With every new year comes celebrations. Likewise, as another birthday rolls by people celebrate.
Islam teaches a different philosophy regarding our attitude towards time.
Allah Ta’ala, in the Qur’aan, takes several oaths upon the different phases of time: upon the day, night, dawn. Similarly oaths are taken upon the bodies used to regulate change in time: the sun, moon, stars.
Further, Allah Ta’ala takes an oath upon time itself. All this serves to highlight the importance of time as a precious asset given in fixed amount to every individual and constantly decreasing, never to return.
In acknowledging that time is precious and that every moment takes one closer to the grave, the point at which nothing will allow one to do good deeds, the Muslim takes no joy in celebrating the passage of time. Rather, it becomes a moment of reflection, of realisation that change must occur so that time becomes beneficial.
Every moment of time can either be used for good or evil. Every individual has impulses to do good or evil. How we respond to these choices dictate whether that moment of time is beneficial or not.
When an impulse to do good strikes, the secret is to act upon it immediately. The Qur’aan uses terms like hasten, be quick, be the first, run, in encouraging good deeds.
As for the temptation to succumb to evil, the Qur’aan mentions that the solution is to make some remembrance, to use ones mental faculty in warding off the temptation (7:201). The topic of remembrance is left general so that every person might ponder upon an aspect that s/he feels an affinity with. With some it might be to imagine the horrors of death, the grave, Hell, and thus abstain from the evil they were tempted to commit out of fear of punishment.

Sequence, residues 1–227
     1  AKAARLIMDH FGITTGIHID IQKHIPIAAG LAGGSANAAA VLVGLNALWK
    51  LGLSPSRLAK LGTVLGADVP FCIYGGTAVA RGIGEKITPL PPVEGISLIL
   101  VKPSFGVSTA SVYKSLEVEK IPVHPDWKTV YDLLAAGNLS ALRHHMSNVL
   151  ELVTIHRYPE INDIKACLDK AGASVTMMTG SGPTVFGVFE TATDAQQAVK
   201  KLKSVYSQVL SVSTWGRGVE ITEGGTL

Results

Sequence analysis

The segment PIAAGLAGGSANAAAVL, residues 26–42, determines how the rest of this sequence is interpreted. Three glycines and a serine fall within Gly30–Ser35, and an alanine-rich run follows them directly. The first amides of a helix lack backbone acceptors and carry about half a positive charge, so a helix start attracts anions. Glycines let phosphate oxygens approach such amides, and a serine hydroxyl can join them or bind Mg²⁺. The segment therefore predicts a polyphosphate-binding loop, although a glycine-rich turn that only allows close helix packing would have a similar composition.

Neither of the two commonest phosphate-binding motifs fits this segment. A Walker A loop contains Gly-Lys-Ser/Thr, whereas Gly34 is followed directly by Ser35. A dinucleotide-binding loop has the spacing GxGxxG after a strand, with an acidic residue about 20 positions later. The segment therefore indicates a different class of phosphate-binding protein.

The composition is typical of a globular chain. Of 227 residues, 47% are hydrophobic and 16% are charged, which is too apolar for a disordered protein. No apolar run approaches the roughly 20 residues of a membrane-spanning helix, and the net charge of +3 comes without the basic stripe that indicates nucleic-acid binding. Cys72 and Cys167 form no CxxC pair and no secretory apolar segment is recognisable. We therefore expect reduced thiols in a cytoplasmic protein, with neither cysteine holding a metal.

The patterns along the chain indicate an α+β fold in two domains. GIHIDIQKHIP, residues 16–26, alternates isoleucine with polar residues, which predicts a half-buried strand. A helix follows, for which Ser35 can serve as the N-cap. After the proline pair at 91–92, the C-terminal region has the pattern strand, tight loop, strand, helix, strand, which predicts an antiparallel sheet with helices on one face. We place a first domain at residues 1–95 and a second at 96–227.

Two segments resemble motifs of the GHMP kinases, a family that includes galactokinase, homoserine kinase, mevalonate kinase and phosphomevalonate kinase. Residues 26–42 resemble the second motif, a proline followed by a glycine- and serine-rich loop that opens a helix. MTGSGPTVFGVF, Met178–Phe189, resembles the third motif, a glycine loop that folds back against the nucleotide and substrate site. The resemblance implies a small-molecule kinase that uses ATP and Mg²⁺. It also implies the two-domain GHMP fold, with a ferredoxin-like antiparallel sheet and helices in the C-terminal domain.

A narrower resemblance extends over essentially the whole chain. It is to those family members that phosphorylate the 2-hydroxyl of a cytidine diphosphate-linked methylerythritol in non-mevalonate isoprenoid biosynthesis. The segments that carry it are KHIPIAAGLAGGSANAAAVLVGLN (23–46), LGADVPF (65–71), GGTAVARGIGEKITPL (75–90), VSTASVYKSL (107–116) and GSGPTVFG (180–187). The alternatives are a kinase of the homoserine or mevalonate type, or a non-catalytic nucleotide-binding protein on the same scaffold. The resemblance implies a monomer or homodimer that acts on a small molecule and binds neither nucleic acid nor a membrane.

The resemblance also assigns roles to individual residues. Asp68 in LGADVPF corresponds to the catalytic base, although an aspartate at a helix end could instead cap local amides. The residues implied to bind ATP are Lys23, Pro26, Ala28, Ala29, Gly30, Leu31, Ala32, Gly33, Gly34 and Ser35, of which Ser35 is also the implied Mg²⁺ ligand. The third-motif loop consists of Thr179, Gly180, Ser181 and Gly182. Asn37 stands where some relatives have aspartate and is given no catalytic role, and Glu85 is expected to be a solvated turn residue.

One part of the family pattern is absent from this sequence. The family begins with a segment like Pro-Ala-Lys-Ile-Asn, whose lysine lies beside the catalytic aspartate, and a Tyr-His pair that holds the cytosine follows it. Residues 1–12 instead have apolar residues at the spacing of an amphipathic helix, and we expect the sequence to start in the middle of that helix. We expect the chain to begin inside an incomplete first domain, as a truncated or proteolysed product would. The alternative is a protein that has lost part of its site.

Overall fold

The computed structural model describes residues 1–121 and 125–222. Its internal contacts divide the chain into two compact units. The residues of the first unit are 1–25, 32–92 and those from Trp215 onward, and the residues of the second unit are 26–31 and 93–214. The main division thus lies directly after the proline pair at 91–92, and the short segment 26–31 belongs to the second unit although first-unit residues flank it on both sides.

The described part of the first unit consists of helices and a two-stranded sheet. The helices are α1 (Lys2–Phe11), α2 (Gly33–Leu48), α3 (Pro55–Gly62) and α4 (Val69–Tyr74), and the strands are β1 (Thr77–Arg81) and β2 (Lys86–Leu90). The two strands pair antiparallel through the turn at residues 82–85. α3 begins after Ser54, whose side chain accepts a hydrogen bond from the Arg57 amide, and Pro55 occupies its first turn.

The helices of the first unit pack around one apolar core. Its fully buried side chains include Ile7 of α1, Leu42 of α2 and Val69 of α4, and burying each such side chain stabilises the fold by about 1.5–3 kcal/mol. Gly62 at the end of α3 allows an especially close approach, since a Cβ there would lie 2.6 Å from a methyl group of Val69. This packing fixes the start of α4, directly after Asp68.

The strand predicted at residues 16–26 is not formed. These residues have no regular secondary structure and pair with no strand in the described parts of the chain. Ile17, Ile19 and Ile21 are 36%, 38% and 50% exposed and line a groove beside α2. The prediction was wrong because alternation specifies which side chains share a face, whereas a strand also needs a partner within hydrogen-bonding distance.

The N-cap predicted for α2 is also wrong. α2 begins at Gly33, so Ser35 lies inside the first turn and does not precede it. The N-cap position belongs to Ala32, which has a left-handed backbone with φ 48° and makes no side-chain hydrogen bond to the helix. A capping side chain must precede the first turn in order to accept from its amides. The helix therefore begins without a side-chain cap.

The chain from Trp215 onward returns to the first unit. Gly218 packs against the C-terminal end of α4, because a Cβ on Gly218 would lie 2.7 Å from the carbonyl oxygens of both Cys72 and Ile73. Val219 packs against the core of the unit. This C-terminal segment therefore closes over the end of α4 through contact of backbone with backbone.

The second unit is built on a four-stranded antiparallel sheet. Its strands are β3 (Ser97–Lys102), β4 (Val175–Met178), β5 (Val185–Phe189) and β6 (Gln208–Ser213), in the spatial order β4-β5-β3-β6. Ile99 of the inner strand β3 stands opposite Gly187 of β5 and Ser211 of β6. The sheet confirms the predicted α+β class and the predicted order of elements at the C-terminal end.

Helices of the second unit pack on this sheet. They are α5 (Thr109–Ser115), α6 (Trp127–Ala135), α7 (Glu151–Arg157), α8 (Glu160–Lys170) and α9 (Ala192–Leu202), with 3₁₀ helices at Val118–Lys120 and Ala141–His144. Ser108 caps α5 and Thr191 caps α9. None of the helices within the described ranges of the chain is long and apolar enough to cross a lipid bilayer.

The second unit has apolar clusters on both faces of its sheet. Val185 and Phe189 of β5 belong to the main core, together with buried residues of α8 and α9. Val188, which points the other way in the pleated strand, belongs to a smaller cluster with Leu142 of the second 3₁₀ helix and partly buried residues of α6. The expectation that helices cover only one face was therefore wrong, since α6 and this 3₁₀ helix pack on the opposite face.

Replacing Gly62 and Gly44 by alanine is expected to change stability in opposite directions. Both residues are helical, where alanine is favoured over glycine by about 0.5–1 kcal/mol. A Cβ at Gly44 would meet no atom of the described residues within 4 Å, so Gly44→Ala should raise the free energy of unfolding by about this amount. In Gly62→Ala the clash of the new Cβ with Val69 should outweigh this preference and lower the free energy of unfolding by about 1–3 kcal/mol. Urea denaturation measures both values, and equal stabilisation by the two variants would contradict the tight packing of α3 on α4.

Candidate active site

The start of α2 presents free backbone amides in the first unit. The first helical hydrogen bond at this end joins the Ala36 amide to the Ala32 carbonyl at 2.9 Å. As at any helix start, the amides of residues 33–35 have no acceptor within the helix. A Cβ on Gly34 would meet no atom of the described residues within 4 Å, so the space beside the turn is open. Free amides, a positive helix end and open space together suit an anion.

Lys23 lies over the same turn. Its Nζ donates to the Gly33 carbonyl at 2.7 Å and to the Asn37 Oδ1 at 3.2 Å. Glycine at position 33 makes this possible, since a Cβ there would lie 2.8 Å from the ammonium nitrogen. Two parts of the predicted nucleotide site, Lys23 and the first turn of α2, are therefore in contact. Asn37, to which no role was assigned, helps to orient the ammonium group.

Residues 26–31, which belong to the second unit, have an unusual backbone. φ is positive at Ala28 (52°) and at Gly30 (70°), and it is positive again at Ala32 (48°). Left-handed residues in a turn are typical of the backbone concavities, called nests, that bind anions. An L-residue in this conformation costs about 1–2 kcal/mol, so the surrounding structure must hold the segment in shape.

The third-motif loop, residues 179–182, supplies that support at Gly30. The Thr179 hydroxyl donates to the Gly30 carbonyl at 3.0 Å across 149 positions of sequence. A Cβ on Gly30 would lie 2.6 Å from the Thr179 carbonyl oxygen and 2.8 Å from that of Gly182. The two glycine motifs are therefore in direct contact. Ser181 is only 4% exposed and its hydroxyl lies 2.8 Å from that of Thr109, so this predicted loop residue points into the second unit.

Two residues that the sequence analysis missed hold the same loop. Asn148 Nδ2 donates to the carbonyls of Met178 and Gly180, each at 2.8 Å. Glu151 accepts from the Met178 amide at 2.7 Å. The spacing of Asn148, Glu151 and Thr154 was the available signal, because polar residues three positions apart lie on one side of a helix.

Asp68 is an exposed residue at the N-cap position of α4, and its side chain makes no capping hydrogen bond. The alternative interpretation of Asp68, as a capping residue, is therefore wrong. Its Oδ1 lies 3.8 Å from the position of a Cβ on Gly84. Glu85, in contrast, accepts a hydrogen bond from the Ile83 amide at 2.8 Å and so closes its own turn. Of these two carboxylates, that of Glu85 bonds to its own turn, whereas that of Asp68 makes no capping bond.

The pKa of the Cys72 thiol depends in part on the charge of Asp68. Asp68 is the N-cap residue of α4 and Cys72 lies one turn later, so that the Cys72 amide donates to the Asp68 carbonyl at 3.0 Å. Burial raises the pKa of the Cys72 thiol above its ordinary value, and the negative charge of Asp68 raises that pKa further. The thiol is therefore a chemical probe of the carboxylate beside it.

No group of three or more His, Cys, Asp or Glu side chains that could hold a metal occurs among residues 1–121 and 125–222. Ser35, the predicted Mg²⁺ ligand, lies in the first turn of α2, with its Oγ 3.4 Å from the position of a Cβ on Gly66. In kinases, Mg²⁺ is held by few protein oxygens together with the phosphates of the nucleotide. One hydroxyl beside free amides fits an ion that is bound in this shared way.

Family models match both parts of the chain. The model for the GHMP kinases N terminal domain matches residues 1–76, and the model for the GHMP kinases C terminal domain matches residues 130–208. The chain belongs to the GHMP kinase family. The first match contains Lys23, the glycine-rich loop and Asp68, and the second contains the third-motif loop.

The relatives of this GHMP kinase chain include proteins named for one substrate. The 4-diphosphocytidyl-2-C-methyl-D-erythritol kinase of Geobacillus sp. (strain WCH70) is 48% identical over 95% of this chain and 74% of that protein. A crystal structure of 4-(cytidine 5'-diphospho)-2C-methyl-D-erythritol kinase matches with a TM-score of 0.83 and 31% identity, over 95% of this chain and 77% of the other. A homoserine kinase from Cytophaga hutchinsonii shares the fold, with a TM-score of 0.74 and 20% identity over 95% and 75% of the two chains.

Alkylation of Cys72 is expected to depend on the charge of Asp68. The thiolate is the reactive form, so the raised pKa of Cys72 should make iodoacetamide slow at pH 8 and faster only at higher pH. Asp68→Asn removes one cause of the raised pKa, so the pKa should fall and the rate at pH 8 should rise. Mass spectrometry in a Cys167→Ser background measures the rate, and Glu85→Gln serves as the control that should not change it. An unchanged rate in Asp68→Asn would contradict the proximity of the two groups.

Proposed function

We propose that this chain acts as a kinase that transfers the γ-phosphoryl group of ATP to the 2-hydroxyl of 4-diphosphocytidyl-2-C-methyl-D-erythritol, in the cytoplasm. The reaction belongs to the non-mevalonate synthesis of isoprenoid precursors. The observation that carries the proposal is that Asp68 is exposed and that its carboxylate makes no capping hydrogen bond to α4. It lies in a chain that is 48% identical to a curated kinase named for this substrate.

Others might ponder on the pleasures of Paradise in store for one who does good and leaves off evil. As a result, s/he makes up his/her mind to stay away from sin and do good to attain Paradise.
The Islamic calendar begins with an event that was the epitome of sacrifice for Allah Ta’ala: migration from their hometown of Makkah to Madinah by the Sahaaba for the sake of Allah Ta’ala. This makes us aware that only those moments of time spent in the obedience of Allah Ta’ala are worth commemorating.
We need to reflect on how much of our time qualifies as such.
The passing of time for a Muslim is a grim reminder of time winding down and another world approaching, hardly an occasion to party and celebrate.

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